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W E ’ R E T H E R E W H E N YO U C A N ’ T B E


SEPTEMBER 25, 2015



Artists plan to take over Waco Art festival allows Wacoans to perform, paint and more this weekend HELENA HUNT Staff Writer The free Waco Cultural Arts Festival will take over downtown starting at 6 p.m. today, with three days of music, food trucks, dance, film and more at the Waco Convention Center and Indian Spring Park. From tonight to Sunday afternoon, students and locals alike are invited to celebrate one or more of the five festivals making up the Cultural Arts Fest. MusicFest, WordFest, {254} dance-fest, ScienceFest and Celebration Africa FilmFest will provide something for every attendee to enjoy, said Sandi Horton, one of the

festival’s board members. The festival will open today with a free College Night geared to Baylor students. A range of musical acts, including Union Revival and blues group Mojo Assassins, will play on the outdoor amphitheater at Indian Spring Park until 11 p.m. As part of College Night, students will also have the opportunity to listen to public readings of poetry and prose in the Waco Convention Center starting at 7:30 p.m. today. After the performances, Horton expects there will be an opportunity for students to participate in an

ART >> Page 6

Lariat file art

ARTISTIC ENCOUNTER The Waco Cultural Arts Festival will kickoff at 6 p.m. tonight at Indian Spring Park and will be a weekend long extravaganza at other downtown locations. The festival will allow Waco residents and Baylor students to immerse themselves in the art of Waco.


McLane to help guests use Wi-Fi JILLIAN ANDERSON Reporter Everyone has their phones out, checking the stats or other football games, but someone’s having a bit of trouble. He can find a person in a bright yellow polo shirt ready to assist him by telling them his flip phone doesn’t have Wi-Fi capabilities. Micah Lamb, assistant director of support systems, said that the idea of Wi-Fi coaches was influence by trends in NFL stadiums. The Wi-Fi coaches program was launched last year with the opening of McLane Stadium. McLane Stadium is one of the first collegiate stadiums to have Wi-Fi and is one of the only two in the Big 12. Management Information Systems students, called Wi-Fi coaches, help fans with Wi-Fi set-up at games. Baylor Information Technology Systems and MIS partnered to give students the opportunity to test their skills and help fans. The goals of the WiFi coaches are to give the students a more handson experience with solving real-time problems and giving fans a great game day experience. Wi-Fi coaches are students of the Hankamer School of Business studying Management Photo Illustration by Richard Hirst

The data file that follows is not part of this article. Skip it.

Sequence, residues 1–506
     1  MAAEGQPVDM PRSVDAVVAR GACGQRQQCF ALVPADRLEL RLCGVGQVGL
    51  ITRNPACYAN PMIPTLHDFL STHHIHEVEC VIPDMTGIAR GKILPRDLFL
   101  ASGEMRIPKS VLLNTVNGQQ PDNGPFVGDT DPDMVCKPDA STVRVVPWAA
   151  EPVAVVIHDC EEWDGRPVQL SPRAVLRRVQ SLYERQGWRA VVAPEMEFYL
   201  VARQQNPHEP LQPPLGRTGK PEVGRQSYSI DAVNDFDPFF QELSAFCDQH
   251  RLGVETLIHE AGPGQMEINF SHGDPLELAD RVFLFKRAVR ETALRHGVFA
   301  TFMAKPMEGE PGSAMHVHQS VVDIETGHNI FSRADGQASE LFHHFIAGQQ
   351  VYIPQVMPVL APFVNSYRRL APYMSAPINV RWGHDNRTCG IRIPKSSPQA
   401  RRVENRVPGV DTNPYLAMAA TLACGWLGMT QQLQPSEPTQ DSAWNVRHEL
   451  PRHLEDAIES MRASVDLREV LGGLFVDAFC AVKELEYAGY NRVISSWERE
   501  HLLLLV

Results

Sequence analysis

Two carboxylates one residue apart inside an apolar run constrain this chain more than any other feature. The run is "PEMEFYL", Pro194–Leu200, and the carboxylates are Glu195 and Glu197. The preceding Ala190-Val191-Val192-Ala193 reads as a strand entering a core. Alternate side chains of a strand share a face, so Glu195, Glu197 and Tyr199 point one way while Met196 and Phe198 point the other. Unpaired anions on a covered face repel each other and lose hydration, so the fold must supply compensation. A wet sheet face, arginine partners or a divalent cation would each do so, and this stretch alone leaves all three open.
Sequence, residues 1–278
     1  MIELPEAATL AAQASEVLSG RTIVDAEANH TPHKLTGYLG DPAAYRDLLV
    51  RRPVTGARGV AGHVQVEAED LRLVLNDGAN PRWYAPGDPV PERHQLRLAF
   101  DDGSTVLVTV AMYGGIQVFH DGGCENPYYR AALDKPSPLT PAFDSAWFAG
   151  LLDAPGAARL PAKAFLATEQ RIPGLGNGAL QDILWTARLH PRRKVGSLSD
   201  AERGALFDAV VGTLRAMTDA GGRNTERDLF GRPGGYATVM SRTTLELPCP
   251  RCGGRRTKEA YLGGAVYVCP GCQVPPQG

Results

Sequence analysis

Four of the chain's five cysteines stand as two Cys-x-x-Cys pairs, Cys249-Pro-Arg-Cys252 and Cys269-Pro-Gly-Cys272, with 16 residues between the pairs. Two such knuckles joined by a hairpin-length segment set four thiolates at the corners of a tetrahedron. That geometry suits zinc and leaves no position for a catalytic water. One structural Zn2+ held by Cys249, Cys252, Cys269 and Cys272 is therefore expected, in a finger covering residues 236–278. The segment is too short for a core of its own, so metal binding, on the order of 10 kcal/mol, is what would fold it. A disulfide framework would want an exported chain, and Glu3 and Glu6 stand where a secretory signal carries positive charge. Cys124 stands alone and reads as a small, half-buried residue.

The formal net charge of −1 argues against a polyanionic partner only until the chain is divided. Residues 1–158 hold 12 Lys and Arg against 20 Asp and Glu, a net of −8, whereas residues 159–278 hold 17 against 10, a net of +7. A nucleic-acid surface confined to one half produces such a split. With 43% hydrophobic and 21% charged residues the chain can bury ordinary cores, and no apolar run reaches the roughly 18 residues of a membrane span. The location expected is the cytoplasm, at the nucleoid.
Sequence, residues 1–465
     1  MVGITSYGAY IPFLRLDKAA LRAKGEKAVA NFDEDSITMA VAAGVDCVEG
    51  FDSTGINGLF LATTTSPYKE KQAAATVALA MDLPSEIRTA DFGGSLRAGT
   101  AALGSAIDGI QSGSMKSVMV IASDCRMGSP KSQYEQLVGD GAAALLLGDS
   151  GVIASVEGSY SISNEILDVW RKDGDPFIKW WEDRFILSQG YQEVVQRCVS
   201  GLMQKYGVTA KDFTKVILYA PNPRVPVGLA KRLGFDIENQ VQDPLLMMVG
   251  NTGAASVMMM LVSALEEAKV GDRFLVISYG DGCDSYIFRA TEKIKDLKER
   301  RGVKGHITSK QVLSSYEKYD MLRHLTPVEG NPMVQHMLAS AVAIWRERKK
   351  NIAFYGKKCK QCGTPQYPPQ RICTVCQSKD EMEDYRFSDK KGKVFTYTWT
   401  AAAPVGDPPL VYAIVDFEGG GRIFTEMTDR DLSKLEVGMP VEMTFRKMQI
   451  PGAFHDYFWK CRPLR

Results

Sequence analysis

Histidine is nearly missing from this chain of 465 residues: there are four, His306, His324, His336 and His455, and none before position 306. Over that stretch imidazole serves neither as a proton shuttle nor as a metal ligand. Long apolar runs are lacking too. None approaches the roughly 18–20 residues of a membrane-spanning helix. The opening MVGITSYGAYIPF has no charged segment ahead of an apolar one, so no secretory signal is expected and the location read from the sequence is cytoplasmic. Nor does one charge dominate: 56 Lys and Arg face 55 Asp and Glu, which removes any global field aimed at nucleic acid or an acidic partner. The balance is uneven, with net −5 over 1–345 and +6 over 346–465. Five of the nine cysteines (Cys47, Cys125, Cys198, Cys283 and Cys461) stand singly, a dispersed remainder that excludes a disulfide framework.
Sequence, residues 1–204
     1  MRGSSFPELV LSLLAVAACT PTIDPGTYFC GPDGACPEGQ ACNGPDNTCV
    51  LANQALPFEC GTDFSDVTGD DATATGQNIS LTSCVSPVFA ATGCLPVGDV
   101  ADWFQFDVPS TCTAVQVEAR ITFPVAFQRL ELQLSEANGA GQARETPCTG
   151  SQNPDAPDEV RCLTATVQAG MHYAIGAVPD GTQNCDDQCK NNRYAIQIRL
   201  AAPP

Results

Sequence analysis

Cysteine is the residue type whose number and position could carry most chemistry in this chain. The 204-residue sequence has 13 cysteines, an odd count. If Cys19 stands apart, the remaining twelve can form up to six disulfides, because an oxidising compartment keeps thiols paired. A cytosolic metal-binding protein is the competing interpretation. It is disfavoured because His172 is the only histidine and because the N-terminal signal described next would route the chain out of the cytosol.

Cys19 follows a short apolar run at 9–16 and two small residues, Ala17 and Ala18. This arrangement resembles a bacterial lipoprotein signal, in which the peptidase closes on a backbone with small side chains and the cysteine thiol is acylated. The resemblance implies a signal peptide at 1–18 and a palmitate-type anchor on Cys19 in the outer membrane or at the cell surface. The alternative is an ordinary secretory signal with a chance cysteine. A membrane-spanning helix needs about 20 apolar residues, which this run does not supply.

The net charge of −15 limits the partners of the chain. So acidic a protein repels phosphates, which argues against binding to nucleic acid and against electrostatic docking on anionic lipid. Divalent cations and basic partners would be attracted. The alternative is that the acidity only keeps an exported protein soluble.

>>WHAT’S INSIDE opinion Editorial: College organizations are meant to make the assimilation process easier. pg. 2

news Professional Selling students are finding new opportunities. pg. 4

sports Baylor Football Check out the preview for the game against Rice this weekend. pg. 7

Vol.116 No. 16

McLANE >> Page 5



Students are reluctant to ride Trump train into 2016 KATIE GROVATT Reporter The rules of politics are being rewritten, and Republican front-runner Donald Trump is behind it. He’s released bold, undiplomatic statements and stirred up controversy, all while dominating the Republican primary race. The businessman and former “Celebrity Apprentice” host has led every Republican poll for the past two months. But as the candidate continues to sell out rallies, triumph in polls and gain supporters, some Baylor students are shaking their heads. “He’s high up [in the polls] because no one knows what his actually policies are,” said Dallas sophomore Michelle Rigg. “He’s focusing on sensational issues and making provocative claims without giving any policy to support his statements. People are just taking the headlines as true without digging

in deeper,” she said. Jefferson City, Mo., junior Paul Kiekhaefer said Trump is gaining support from the far right and most extreme of the Republican Party. “He’s tapped into the anger of the farright wing of the GOP that despises the establishment, political correctness and the Washington, D.C. based political system,” Kiekhaefer said. Both Kiekhaefer nor Riggs support Trump as a candidate. Riggs said she is remaining open-minded in the primary race, as she feels there are several candidates with thoughtful policies. Trump is not among them. “I personally think Trump’s campaign is just another attention-grabbing scheme of a narcissist. He would make a terrible nominee and president, as he would give the U.S. zero international credibility,” Kiekhaefer said.

TRUMP >> Page 5

Sarah Pyo | Lariat Photographer

Dallas freshman Luke Atkins and San Antonio freshman Nicholas Pantanini raced on a water slide called Life’s A Beach at Alpha Delta Pi’s second annual philanthropic event, H2Oso at Fountain Mall yesterday. The events proceeds go to Ronald McDonald House Charities in Temple.

© 2015 Baylor University

The Baylor Lariat  

Baylor University @ Copyright 2015

The Baylor Lariat  

Baylor University @ Copyright 2015